7 habits of highly effective data analysis

7 habits of highly effective data analysis

7 habits of highly effective data analysis

Highly effective data analysis isn’t learned overnight, but it can be learned faster. Here are 7 habits of data analysis I wish someone told me for effectively incorporating, communicating and investing in data analysis geared towards an engineering team.

If you can’t explain your analysis to a 5 year old, then you’ll have a tough time selling it to others. The focus for product data analysis is not the analysis — don’t get me wrong, you need the analysis, but it’s the story you tell and your recommendations based on that data that really matter.

Using complex analysis that confuses will result in the exact opposite of what you want. You want to be able drive engineering behaviors and investments with your analysis. If your analysis is too opaque and engineers aren’t quickly wrapping their heads around the story you’re telling, your analysis has lost its value.

The ultimate measure of the impact of your data analysis is how engineering behaviors and investments change. Make it easy for others to change.

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Looking at more data across a broader time frame can give you more confidence in your analysis. However, a single pipeline of telemetry or logs is limited by the features being captured. Generally, a single pipeline only tells a part of the product story.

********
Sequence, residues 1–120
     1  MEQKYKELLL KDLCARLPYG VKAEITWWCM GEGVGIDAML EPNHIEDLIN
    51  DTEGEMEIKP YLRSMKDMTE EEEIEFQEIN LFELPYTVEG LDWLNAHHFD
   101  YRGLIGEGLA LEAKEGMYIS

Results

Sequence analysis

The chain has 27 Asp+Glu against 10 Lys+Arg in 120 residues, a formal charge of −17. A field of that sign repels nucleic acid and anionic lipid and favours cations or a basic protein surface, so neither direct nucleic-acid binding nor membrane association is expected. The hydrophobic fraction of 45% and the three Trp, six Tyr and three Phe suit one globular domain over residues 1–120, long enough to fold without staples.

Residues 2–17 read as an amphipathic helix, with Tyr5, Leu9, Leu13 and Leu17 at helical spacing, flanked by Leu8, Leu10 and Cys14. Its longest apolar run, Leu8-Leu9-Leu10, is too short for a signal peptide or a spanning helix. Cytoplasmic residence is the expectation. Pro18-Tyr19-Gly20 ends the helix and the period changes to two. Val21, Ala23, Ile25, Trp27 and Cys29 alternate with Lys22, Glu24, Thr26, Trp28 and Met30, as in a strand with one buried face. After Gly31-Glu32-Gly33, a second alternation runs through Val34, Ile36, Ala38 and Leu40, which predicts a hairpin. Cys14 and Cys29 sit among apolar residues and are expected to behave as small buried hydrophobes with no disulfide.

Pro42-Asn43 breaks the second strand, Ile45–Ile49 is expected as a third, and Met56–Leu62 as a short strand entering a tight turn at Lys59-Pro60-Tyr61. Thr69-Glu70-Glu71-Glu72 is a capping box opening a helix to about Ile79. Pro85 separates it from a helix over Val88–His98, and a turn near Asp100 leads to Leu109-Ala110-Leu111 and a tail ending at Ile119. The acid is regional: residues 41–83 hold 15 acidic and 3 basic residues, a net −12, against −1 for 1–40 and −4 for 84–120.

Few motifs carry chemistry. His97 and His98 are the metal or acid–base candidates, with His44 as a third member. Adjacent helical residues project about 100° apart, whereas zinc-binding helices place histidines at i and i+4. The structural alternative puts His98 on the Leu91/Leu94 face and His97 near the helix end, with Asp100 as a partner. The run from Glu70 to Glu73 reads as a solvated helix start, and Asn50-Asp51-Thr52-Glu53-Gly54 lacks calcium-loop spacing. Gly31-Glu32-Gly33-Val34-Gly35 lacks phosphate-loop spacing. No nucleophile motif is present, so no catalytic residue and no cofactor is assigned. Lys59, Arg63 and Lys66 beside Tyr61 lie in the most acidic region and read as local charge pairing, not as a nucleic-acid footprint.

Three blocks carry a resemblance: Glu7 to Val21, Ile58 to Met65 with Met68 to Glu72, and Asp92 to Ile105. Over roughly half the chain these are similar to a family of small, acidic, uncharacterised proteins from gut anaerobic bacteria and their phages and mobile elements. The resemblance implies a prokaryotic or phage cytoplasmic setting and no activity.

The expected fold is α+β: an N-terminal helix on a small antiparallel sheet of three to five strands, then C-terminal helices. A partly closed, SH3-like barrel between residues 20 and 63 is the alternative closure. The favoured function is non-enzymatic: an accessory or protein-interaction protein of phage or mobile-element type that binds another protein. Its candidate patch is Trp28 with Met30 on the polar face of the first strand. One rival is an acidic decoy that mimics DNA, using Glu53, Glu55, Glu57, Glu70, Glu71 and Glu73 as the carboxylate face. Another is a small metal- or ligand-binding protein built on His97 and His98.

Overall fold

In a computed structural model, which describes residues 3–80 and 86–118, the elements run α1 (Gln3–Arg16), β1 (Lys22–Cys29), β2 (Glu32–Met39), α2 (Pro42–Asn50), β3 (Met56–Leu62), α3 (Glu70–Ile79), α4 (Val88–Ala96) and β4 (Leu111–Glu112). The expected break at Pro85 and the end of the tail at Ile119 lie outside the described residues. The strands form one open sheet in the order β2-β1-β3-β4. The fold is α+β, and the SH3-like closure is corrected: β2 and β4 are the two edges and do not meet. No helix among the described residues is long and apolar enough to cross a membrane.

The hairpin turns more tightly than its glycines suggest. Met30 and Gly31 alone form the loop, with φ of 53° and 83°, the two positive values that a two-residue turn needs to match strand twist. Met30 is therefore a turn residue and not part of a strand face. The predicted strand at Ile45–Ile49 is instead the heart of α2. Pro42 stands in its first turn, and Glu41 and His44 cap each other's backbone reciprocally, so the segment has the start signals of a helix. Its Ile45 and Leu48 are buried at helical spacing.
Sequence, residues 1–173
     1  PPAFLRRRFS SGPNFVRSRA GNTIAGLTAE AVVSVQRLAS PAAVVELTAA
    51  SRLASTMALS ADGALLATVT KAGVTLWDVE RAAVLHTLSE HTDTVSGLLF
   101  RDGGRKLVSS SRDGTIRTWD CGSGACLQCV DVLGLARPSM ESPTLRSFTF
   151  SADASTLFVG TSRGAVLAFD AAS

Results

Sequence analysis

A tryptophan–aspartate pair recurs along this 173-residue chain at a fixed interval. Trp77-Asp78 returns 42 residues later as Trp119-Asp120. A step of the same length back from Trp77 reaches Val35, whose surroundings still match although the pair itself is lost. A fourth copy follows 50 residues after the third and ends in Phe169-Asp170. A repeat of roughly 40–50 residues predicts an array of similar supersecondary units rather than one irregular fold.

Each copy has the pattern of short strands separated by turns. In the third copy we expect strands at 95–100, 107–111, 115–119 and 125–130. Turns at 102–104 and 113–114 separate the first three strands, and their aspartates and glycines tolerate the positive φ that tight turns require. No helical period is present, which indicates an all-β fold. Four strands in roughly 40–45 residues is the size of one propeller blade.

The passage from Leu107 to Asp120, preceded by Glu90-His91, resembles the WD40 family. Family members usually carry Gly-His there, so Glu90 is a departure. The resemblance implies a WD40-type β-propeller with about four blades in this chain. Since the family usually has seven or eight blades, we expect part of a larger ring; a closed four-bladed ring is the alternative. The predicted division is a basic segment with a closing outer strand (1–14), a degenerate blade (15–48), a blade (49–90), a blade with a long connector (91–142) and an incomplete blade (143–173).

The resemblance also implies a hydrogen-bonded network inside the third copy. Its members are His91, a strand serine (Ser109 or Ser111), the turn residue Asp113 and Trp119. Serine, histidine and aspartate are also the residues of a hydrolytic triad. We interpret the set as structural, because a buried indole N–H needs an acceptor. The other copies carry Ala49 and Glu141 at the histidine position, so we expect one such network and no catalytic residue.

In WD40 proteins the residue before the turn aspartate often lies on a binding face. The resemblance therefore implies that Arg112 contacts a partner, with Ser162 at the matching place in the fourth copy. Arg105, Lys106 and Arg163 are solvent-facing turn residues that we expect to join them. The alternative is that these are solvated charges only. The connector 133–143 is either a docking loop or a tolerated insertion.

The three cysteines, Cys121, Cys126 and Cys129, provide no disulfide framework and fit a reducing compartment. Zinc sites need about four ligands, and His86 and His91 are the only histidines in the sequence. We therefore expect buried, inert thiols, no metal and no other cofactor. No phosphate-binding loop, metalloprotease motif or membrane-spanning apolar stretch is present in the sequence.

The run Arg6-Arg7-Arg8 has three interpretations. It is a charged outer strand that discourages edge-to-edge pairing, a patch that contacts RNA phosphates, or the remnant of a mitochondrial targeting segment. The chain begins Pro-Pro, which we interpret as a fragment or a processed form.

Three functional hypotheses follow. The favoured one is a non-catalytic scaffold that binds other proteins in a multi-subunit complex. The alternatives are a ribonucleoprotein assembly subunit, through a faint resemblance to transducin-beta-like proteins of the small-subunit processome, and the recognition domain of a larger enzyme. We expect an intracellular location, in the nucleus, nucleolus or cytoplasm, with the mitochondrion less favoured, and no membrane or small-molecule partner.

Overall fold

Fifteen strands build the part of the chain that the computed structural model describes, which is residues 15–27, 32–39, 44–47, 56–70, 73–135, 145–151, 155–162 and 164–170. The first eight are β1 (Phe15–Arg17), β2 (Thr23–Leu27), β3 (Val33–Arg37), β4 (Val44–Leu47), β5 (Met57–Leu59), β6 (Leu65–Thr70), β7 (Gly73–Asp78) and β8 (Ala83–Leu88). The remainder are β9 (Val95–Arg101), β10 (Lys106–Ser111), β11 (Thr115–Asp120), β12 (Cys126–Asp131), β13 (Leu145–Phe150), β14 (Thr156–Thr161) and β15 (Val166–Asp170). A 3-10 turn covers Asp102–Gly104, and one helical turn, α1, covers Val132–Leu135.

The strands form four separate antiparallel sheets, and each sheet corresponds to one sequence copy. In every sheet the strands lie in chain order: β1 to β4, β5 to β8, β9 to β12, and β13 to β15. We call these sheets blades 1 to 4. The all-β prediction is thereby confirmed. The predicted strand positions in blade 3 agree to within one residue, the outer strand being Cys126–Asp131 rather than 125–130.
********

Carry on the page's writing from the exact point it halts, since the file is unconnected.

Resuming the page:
Same Analysis + Same Pipeline = Same Story

What you need is another source of data. Maybe all SQL operations are logged somewhere or maybe you have the facility to pull a sample of logs from your users. More data sources also allows you to confirm whether your story is consistent. More data will not give you more insight. More data sources will.

Shiny, new tools are fun to play with and sometimes useful, but remember the ultimate measure of the impact of your data analysis?

You want to make it easy for others to change, and change is not easy. Here are 3 things fromYour Brain at Work to keep in mind to give yourself the best shot at facilitating change:

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Unless you’re recommending the adoption of a new tool, the focus should not be on the tools, it’s on the core message of your story.

Indicators are your key performance indicators (KPI). They’ll likely come in the form of graphs, plots or tables. Your analysis doesn’t stop there. Indicators are only the first “I” of the3 I’s of data-driven engineering. Tell an insightful story around your data, and then recommend investments. You’re the agent of change, and your analysis must be infused with your insights and your recommendations for investments.

Data never comes clean. That’s why I frequently feel like a janitor. As a data janitor, I rarely trust all the data is there and in the right format. I always apply Kern’s CUSS acronym from Introduction to Probability and Statistics Using R to understand the data’s Center, Unusual features, Spread and Shape.

Knowing how the data is generated and the CUSS of the data allows you to draw better reasoned insights and investments.

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